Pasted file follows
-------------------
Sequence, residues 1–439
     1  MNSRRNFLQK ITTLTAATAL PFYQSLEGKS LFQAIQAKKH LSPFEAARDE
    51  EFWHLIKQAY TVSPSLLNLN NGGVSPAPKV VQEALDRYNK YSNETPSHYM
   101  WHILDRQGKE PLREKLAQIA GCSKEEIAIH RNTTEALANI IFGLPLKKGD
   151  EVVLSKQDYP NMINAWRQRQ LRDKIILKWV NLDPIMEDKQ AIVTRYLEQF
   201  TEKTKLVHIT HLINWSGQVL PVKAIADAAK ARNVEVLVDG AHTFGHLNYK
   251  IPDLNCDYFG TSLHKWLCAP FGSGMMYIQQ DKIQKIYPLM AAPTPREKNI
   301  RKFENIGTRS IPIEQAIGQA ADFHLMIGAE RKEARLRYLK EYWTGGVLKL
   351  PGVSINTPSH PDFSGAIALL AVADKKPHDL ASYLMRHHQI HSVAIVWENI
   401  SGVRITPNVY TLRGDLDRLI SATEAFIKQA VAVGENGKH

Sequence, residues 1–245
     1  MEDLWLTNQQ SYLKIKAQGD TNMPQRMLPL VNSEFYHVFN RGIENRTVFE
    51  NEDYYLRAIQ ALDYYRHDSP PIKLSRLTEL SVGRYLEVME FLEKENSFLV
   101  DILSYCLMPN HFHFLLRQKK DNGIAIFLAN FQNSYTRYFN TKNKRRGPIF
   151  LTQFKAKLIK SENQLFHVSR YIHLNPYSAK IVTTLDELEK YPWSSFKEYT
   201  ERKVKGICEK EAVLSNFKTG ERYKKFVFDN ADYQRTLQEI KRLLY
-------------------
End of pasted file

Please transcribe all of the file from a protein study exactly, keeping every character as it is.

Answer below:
Sequence, residues 1–439
     1  MNSRRNFLQK ITTLTAATAL PFYQSLEGKS LFQAIQAKKH LSPFEAARDE
    51  EFWHLIKQAY TVSPSLLNLN NGGVSPAPKV VQEALDRYNK YSNETPSHYM
   101  WHILDRQGKE PLREKLAQIA GCSKEEIAIH RNTTEALANI IFGLPLKKGD
   151  EVVLSKQDYP NMINAWRQRQ LRDKIILKWV NLDPIMEDKQ AIVTRYLEQF
   201  TEKTKLVHIT HLINWSGQVL PVKAIADAAK ARNVEVLVDG AHTFGHLNYK
   251  IPDLNCDYFG TSLHKWLCAP FGSGMMYIQQ DKIQKIYPLM AAPTPREKNI
   301  RKFENIGTRS IPIEQAIGQA ADFHLMIGAE RKEARLRYLK EYWTGGVLKL
   351  PGVSINTPSH PDFSGAIALL AVADKKPHDL ASYLMRHHQI HSVAIVWENI
   401  SGVRITPNVY TLRGDLDRLI SATEAFIKQA VAVGENGKH

Sequence, residues 1–245
     1  MEDLWLTNQQ SYLKIKAQGD TNMPQRMLPL VNSEFYHVFN RGIENRTVFE
    51  NEDYYLRAIQ ALDYYRHDSP PIKLSRLTEL SVGRYLEVME FLEKENSFLV
   101  DILSYCLMPN HFHFLLRQKK DNGIAIFLAN FQNSYTRYFN TKNKRRGPIF
   151  LTQFKAKLIK SENQLFHVSR YIHLNPYSAK IVTTLDELEK YPWSSFKEYT
   201  ERKVKGICEK EAVLSNFKTG ERYKKFVFDN ADYQRTLQEI KRLLY